TABLE OF CONTENTS
Detailed Description of the Papers
A Guide to the Bob Krueger Papers, 1970-1993
U.S. Congressman Robert Charles "Bob" Krueger was born on September 19, 1935, in New Braunfels, Texas. After graduating from Southern Methodist University (B.A., 1957) and Duke University (M.A., 1958), Krueger received a PhD in English from the University of Oxford in 1964. For several years, he taught English at Duke University, where he also became Dean of the Trinity College of Arts and Sciences. From 1975 to 1979, Krueger served two terms in the U.S. House of Representatives as a Democrat from the 21st Congressional District of Texas. Following his loss for a third term to John Tower, Krueger served in President Jimmy Carter’s administration as Ambassador-at-Large and Coordinator for Mexican Affairs in the State Department from 1979 to 1981. In the 1980s, Krueger returned to Texas to lecture at numerous universities and to write a newspaper column, published throughout the state. He was elected to the Texas Railroad Commission in 1990, and in 1993 Governor Ann Richards selected him to fill Lloyd Bentsen’s vacated U.S. Senate seat until a special election. President Bill Clinton appointed Krueger as Ambassador to Burundi in 1994, and after two years, he became Ambassador to Botswana, serving until 1999.
Biographical Directory of the United States Congress. "Krueger, Robert Charles." Library of Congress. http://bioguide.congress.gov/scripts/biodisplay.pl?index=K000333 (accessed October 14, 2010).
The Bob Krueger Papers, 1970-1993, consist of correspondence, legislative files, news releases, employee records, constituency lists, speeches, articles, campaign records, and reference files, which document Krueger’s tenure in the U.S. Congress. Comprising the first series, the Congressional papers, 1975-1978, detail his two terms as a U.S. Representative from Texas. The constituency correspondence consists of letters from constituents with Krueger’s replies and includes missives to Krueger about the authors’ opinions on types of legislation and requests for Krueger’s support for or opposition against certain legislation, including defense appropriation bills, national health planning resolutions, and labor law reform. Many of the constituency letters also request more information on certain Congressional bills and resolutions, including such subjects as wildlife conservation, copyright laws, and decontrol of oil prices. Additional letters ask for Krueger’s opinions on various political issues while others approve or criticize his voting record on certain measures, such as his vote against the Common Situs Picketing Bill. The congressional papers also include publications, newspaper clippings, and committee materials from the committees on which Krueger served and related to topics about which constituents wrote him.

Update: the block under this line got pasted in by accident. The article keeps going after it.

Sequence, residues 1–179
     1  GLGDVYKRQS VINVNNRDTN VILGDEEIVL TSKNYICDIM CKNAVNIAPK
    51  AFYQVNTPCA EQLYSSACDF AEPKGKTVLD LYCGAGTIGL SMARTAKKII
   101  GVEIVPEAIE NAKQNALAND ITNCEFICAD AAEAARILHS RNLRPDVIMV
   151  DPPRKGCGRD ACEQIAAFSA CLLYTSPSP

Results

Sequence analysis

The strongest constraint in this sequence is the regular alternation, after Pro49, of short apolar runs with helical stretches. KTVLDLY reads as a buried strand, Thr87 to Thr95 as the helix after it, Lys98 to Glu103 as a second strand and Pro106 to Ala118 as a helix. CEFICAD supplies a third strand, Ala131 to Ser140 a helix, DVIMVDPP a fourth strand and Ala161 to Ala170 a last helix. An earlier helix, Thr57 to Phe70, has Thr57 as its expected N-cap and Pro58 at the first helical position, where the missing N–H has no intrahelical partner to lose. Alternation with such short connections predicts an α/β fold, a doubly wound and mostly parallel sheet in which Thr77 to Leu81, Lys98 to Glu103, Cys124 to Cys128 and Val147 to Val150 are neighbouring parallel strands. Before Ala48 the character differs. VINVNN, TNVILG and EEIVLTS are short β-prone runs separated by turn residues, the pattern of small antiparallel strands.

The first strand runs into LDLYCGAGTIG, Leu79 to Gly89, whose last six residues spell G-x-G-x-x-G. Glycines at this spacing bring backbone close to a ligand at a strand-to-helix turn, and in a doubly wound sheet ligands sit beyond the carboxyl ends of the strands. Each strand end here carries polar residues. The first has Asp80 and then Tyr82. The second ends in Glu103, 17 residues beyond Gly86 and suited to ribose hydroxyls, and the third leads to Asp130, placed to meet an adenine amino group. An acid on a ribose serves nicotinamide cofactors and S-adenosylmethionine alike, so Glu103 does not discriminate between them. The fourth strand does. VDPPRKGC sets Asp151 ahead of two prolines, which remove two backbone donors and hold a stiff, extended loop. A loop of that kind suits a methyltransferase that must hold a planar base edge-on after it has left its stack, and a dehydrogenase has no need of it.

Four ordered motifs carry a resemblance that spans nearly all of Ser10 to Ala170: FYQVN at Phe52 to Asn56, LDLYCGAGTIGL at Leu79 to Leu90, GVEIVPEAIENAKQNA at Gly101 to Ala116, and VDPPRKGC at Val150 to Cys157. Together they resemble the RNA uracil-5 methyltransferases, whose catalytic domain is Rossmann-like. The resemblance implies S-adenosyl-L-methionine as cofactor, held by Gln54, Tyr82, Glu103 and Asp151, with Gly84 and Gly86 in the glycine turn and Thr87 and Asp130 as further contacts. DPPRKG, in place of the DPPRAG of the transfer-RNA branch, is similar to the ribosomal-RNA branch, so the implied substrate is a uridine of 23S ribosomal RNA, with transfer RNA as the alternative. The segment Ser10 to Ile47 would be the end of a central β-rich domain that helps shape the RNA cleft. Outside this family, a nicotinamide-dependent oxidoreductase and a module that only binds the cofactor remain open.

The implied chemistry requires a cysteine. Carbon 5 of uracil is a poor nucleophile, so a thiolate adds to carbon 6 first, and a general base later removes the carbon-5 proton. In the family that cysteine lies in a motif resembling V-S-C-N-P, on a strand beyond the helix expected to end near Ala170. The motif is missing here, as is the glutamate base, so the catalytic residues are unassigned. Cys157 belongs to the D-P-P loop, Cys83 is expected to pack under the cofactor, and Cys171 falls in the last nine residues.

Comprising the second series, the Senatorial papers, 1970, 1985-1993, represent his brief time in the U.S. Senate from January through July 1993. Legislative files, news releases, and correspondence discuss national energy policy, abortion and tobacco legislation, nominations to the Federal Energy Regulatory Commission, the Senate budgets, and legislation and information on Texan historic and nature sites, such as Big Thicket and El Camino Real. The papers also pertain to appointments to the Department of Agriculture; legislation regarding the A. Maceo Smith Federal Building; information on other politicians, such as Al Gore, Sr., and Al Gore, Jr.; and numerous other political issues and individuals. Additionally, photographs depict him with friends and colleagues in Washington, D.C.
This collection is open for research use.
Employee and personnel records are closed until 2068.
A portion of these papers is stored remotely. Advance notice required for retrieval. Contact repository for retrieval.
Bob Krueger Papers, 1970-1993, Dolph Briscoe Center for American History, The University of Texas at Austin.
Basic processing and cataloging of this collection was supported with funds from the National Historical Publications and Records Commission (NHPRC) for the Briscoe Center’s “History Revealed: Bringing Collections to Light project,” 2009-2011.